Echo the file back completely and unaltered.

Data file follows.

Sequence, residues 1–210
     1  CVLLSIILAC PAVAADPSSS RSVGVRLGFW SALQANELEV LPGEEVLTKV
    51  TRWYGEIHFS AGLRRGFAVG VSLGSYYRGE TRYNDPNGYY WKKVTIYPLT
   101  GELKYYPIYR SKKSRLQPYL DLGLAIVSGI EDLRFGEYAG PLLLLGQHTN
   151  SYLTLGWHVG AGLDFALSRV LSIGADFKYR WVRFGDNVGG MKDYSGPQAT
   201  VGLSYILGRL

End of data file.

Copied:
Sequence, residues 1–210
     1  CVLLSIILAC PAVAADPSSS RSVGVRLGFW SALQANELEV LPGEEVLTKV
    51  TRWYGEIHFS AGLRRGFAVG VSLGSYYRGE TRYNDPNGYY WKKVTIYPLT
   101  GELKYYPIYR SKKSRLQPYL DLGLAIVSGI EDLRFGEYAG PLLLLGQHTN
   151  SYLTLGWHVG AGLDFALSRV LSIGADFKYR WVRFGDNVGG MKDYSGPQAT
   201  VGLSYILGRL